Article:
I tend to pair this recipe with my handmade noodles (super easy to make) but if I'm pressed for time or too lazy, I will use store bought (either fresh flour noodles or the dried kinds). You can even use instant noodles if you wish!
As for the beef, I truly recommend using beef shank over other cuts of beef. It is an affordable cut of meat, is fatty and has tendon throughout, so after cooking in the Instant Pot, that fat and collagen from the tendon is infused and melted into your beef stock broth to be super unctuous and delightfully beefy. No beef bones needed for an intensely flavorful broth.
INGREDIENTS: 6 servings
We make this so often at home because you can just toss everything into the pot and have it set to start on its own so that when we get home from work, we just have to boil noodles and throw everything together within minutes! Comforting, warm, and slurpy beefy noodle goodness. Enjoy!
Until next time,
Crispy Cantonese Roast Pork "Siu Yuhk" 燒肉 (directly translated as "roast meat") is an essential part of Chinese Canto bbq cuisine. I grew up visiting Chinatown in New York every weekend with my family. For Chinese school, for groceries. We would walk past bakeries and restaurants, and many of the restaurants would feature Chinese bbq or tanks of live seafood at their storefronts. Seeing a plump soy sauce chicken, crispy roast duck, or fatty roast pork hanging in the window is always the best advertising a restaurant can have. You tell the butcher what you want by the pound, he chops it up and gives it to you with some cups of soy sauce or ginger scallion oil. Call us barbaric, but sometimes we can't even wait to get home and we start eating the meat straight out of the box with our hands!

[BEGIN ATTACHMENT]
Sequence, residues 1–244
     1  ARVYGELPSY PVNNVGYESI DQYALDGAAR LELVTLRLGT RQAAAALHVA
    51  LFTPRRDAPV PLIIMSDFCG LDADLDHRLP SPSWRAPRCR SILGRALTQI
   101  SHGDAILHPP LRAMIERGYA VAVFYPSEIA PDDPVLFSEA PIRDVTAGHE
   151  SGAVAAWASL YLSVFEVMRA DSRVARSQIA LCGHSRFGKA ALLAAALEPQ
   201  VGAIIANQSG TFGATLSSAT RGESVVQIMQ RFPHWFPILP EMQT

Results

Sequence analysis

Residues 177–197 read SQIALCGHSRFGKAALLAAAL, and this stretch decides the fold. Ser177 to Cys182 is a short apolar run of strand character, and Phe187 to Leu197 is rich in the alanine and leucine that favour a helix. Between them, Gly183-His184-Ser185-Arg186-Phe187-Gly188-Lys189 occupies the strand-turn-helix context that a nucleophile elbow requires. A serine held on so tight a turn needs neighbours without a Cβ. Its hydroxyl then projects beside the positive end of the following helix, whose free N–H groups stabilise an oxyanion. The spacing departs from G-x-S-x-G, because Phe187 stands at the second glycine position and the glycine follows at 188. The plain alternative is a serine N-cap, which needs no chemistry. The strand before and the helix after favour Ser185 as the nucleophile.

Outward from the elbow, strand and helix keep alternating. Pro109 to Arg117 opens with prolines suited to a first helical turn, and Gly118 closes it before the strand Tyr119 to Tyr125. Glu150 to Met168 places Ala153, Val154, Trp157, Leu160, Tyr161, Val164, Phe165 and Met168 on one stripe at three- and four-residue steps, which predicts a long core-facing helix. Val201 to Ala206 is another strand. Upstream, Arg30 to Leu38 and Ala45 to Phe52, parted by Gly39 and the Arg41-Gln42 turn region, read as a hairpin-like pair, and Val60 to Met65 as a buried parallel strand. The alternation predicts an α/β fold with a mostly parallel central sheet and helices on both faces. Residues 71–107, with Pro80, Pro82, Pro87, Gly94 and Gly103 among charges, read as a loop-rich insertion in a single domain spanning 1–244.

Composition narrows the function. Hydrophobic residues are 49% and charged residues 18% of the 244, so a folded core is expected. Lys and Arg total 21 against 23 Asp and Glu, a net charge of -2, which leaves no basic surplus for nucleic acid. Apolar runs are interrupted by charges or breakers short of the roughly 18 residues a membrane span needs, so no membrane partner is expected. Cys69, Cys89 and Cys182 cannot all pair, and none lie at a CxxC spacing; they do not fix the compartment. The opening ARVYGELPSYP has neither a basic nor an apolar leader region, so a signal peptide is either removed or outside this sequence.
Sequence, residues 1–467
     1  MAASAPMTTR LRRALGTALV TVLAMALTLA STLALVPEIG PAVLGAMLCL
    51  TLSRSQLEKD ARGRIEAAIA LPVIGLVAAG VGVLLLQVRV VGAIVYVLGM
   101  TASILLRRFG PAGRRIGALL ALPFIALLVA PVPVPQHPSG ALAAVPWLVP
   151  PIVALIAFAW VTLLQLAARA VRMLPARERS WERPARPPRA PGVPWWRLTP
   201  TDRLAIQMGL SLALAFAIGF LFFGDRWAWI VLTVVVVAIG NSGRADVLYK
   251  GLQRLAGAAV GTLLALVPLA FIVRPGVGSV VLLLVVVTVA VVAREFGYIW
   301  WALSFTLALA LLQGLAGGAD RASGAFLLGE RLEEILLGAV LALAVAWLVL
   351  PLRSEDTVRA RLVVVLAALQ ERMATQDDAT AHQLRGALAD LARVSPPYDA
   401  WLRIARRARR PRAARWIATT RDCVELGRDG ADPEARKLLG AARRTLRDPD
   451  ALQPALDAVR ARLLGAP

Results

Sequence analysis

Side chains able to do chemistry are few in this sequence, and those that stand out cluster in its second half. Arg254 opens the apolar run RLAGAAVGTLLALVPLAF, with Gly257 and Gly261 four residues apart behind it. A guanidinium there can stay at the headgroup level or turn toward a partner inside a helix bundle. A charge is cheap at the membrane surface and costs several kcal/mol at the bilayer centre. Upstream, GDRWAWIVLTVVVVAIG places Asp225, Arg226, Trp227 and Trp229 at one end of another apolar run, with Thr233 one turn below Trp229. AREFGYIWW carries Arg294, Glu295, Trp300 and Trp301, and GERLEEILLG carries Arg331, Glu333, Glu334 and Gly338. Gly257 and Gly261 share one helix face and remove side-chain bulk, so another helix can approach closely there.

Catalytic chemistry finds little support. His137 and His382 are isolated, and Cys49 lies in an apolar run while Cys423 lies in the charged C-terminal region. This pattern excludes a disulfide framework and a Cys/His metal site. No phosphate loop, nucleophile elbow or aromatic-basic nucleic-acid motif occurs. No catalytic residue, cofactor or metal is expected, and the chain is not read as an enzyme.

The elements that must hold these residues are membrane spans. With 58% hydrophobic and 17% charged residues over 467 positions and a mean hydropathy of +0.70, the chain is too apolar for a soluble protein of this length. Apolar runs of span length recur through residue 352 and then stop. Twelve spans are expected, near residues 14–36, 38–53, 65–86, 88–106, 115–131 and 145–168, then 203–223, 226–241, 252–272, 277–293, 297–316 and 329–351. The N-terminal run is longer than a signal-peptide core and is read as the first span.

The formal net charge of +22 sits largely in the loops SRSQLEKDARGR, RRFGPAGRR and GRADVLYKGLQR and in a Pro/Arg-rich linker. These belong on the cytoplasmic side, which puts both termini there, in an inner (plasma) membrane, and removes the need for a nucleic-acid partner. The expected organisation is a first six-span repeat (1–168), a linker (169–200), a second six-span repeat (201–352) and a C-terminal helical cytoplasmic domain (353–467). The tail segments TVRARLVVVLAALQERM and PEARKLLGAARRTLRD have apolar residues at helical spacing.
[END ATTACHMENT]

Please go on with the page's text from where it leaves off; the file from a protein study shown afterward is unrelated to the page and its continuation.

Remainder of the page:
With the COVID19 quarantine in effect, we found ourselves craving all sorts of food that we normally get at restaurants, especially Cantonese style crispy roast pork.
I found a wonderful recipe on Pinterest from a blog called What to Cook Today and made some adjustments to the marinade to suit our tastes, but the method, time and temperature is the same. Definitely check out their food blog, there's lots of great recipes there! I can't wait to try other flavor profiles for this crispy pork recipe! You can enjoy this crispy pork with a bed of lettuce wraps, with bao buns, with rice, in sandwiches or tortillas, the list goes on!
The key to getting that crackly crispy AF skin is to make sure to pat the skin super dryyyyy before you oven it. You can honestly marinate the meat part with whatever flavor you want. We went with sweet hoisin and peppery flavors. The rest is in a salt crust that further draws out moisture to help achieve the crispy skin.
Don't worry about the salt crust making your pork too salty—once it is done baking, the loose salt forms a hard crust that comes off easily and you just have to brush off any excess before returning it to the oven to finish the roasting process.
Then it's a low broil for about 20 minutes and the pork skin begins to crackle, snap and pop!
Out comes a beautifully crackled crispy roast pork. It makes my mouth water just looking at the photos of it again. So. freaking. good. I know, I know, you've been scrolling for a while, recipe is down below!
Just look at that deliciousness. Don't you wish you could pull it right off the screen to sink your teeth into?! Be sure not to cover the meat because the steam and heat will make the skin soft and no longer crispy, which will result in sadness.
I hope you enjoy this recipe! We had this with lettuce, an assortment of sauces like sweet thai chili, peanut sauce and hoisin sauce to dip, and a side of pickled cucumbers for a nice refreshing crunch. Until next time!
Just a girl, her husband and two dogs who love food ♥❤🐶👫🐶❤♥